Specifications: detachable, not postdictive, not after-the-fact

Being able to reject chance as an explanation is critical to identifying design. The way to do this is to compare the structure of an artifact against some pattern that can help us rule out chance as an explanation.

Sometimes designers can anticipate the knowledge of observers in order to craft designs which can be recognized as designs. They can structure it according to a pre-existing pattern that the supposed observer has in their inventory or some pattern that the designer thinks can be recognized by an observer.

Here I described this exercise:

“Take the coins and dice and arrange them in a way that is evidently designed.” That was my instruction to groups of college science students who voluntarily attended my extra-curricular ID classes sponsored by Campus Crusade for Christ at James Madison University (even Jason Rosenhouse dropped in a few times). Many of the students were biology and science students hoping to learn truths that are forbidden topics in their regular classes…

They would each have two boxes, and each box contained dice and coins. They were instructed to randomly shake one box and then put designs in the other box. While they did their work, I and another volunteer would leave the room or turn our backs. After the students were done building their designs, I and the volunteer would inspect each box, and tell the students which boxes we felt contained a design, and the students would tell us if we passed or failed to recognize their designs. We never failed!

Bill Dembski worked hard to rigorously define criteria for patterns which observers can use to recognize designs constructed by designers willing to communicate evidence of design. It is worth noting, such a method will not help us find patterns to detect all possible designs, but only a small space of designs, especially those designs that designers want to be discovered as designs:

Masters of stealth intent on concealing their actions may successfully evade the explanatory filter. But masters of self-promotion intent on making sure their intellectual property gets properly attributed find in the explanatory filter a ready friend.

Bill Dembski
Mere Creation

It seems Bill is asserting the Designer of life has gone to great lengths to make his designs recognizable as designs.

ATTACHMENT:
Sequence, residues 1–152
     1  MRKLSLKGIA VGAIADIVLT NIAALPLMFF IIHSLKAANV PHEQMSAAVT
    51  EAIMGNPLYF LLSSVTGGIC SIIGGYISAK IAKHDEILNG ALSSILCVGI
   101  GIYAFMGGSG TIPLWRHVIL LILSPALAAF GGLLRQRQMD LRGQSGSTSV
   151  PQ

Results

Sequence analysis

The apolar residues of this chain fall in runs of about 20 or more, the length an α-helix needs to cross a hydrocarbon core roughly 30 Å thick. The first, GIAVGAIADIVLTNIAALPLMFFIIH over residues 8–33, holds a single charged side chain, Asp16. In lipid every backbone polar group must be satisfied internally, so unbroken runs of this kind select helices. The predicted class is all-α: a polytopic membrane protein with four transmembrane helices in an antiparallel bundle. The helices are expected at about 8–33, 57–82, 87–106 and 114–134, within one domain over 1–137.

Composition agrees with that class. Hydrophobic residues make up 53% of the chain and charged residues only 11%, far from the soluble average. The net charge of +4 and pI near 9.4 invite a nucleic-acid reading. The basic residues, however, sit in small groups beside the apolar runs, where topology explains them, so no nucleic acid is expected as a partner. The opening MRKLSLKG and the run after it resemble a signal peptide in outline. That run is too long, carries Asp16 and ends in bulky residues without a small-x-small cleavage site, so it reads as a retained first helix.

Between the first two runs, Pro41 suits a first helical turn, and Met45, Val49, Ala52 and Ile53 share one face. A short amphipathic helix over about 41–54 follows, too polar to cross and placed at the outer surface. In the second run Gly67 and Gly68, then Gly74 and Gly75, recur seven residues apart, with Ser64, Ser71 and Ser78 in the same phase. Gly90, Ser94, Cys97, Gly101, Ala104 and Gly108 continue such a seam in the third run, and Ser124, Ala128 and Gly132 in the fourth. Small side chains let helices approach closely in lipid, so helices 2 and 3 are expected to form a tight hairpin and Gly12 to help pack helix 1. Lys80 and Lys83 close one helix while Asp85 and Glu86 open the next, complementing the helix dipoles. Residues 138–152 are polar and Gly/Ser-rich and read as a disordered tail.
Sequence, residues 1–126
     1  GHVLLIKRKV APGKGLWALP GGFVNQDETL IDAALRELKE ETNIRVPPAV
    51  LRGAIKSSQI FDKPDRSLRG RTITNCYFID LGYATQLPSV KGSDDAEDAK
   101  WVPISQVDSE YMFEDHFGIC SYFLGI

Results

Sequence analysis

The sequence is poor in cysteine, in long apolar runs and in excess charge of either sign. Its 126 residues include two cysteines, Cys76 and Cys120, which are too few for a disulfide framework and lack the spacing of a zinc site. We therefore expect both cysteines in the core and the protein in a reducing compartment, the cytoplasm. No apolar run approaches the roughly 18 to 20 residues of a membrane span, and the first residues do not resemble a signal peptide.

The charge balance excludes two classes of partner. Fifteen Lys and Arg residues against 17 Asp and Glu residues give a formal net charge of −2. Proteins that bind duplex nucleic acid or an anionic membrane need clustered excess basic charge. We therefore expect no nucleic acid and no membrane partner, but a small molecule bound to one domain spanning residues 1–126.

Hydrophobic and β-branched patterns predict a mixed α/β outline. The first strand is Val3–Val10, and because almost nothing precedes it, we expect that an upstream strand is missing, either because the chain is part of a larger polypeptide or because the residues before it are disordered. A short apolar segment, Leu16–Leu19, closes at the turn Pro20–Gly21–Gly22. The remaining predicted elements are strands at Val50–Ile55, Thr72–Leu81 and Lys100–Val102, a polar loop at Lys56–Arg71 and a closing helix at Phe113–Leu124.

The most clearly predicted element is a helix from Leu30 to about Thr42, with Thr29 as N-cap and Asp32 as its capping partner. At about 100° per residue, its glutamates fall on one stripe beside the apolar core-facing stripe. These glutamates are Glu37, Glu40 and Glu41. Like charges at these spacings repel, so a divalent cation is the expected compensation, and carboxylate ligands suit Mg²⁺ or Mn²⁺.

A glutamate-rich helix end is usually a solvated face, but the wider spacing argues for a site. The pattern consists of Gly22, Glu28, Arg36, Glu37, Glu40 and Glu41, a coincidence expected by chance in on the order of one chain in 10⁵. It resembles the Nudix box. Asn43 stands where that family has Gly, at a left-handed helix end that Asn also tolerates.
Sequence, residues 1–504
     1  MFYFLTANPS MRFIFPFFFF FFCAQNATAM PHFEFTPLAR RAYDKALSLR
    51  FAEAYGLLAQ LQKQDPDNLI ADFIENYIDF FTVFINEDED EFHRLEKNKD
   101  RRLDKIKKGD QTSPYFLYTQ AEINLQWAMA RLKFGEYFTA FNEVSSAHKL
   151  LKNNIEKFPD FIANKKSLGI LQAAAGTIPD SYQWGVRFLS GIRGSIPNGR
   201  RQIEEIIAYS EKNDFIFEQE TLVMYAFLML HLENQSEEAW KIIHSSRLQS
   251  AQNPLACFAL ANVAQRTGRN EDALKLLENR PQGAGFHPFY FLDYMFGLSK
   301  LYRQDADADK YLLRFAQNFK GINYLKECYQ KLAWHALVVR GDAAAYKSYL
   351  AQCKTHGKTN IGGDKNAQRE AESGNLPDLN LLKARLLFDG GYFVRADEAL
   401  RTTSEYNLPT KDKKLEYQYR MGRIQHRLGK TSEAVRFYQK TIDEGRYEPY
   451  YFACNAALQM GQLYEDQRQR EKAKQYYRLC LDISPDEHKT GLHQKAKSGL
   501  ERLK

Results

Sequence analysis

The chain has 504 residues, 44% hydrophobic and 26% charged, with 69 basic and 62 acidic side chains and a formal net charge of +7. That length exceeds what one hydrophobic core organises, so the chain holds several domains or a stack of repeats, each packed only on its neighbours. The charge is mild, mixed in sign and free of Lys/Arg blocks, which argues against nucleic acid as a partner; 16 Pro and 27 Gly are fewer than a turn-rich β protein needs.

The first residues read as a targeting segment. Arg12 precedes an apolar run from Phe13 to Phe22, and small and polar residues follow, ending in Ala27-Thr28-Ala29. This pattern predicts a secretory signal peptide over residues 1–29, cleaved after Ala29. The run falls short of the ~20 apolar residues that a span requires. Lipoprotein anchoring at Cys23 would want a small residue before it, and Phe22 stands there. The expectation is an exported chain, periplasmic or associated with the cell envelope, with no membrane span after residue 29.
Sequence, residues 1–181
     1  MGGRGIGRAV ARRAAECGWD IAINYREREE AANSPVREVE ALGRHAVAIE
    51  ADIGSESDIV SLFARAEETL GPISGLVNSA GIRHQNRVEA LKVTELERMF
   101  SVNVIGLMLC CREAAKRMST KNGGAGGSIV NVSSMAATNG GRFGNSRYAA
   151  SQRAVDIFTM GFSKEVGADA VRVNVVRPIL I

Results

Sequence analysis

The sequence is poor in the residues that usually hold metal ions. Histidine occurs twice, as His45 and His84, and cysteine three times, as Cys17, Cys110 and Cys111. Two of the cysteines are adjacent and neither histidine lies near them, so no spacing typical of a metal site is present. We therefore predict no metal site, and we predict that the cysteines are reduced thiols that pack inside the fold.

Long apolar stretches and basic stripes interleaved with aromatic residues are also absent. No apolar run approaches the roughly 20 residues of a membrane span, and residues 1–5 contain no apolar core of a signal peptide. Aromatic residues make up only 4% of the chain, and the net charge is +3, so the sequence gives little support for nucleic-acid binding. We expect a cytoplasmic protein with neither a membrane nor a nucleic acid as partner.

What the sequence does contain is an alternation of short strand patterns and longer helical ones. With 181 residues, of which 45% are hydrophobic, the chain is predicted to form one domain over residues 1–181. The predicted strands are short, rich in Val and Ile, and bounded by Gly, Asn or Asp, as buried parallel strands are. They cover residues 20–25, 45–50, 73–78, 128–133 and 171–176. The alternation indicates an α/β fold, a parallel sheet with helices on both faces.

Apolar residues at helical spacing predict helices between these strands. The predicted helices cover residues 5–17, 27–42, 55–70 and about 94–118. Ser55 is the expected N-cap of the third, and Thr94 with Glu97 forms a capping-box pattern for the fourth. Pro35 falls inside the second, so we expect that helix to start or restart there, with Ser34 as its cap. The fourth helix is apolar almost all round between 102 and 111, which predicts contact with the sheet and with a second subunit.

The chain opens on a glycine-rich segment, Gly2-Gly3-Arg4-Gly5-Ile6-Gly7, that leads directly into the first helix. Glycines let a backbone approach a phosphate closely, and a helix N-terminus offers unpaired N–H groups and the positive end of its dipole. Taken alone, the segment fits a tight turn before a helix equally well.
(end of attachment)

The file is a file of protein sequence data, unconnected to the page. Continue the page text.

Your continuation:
But a necessary ingredient to being able to detect design is to establish the pattern is one that isn’t concocted after the fact. Ideally the pattern can ascertain some degree of intentionality.

What is an after-the-fact specification? Suppose an archer randomly shot arrows in the field, then you came along and wherever an arrow landed, you paint a bullseyes around it and declare, “wow, I demonstrated the intentionality and skill of the archer because the arrows all landed on bullseyes. The improbability of this happening is astronomical.” The painting of the bullseyes after the arrows had landed was an after-the-fact specification. The intentionality by the archer was non-existent.

What Darwinists have done is argue that all the impressive probability arguments made by ID proponents are merely painting bullseyes around arrows or making after-the-fact probability arguments. This is the line of argument if often made by Michael Shermer and indirectly by neutral evolutionists. One internet Darwinist said:

Creationists and “Intelligent Design” theorists claim that the odds of life having evolved as it has on earth is so great that it could not possibly be random. Yes, the odds are astronomical, but only if you were trying to PREDICT IN ADVANCE how life would evolve.


I countered by showing the fallacies in that criticism here.

Another form of this after-the-fact objection is to say, “one configuration of fair coins is no more probable than any other, so you can’t detect design”. In an internet debate, I said:

For example, consider if we saw 500 fair coins all heads, do we actually have to consider human subjectivity when looking at the pattern and concluding it is designed? No. Why? We can make an alternative mathematical argument that says if coins are all heads they are sufficiently inconsistent with the Binomial Distribution for randomly tossed coins, hence we can reject the chance hypothesis.

and one of my detractors countered:

if you have 500 flips of a fair coin that all come up heads, given your qualification (“fair coin”), that is outcome is perfectly consistent with fair coins,

I demonstrated the fallacy of my detractor’s claim. How I did so and the history of those debates can be found by following the links starting here. It led to many exchanges culminating in A Statistics Question for Nick Matzke.

However I should amend something I said previously:

Do we actually have to consider human subjectivity when looking at the pattern and concluding it is designed? No. Why?

What I meant to ask was, “do we have to consider level of human subjectivity that is above what is common in the sciences?” Someone determined enough could insist the way I rejected chance as an explanation for 500 fair coins heads was subjective, but to argue that, he would have to pretty much argue all of science is subjective!

Specification depends on the knowledge of subjects. Is specification subjective? Yes….

Bill Dembski
No Free Lunch
Remark 2.5.9, page 66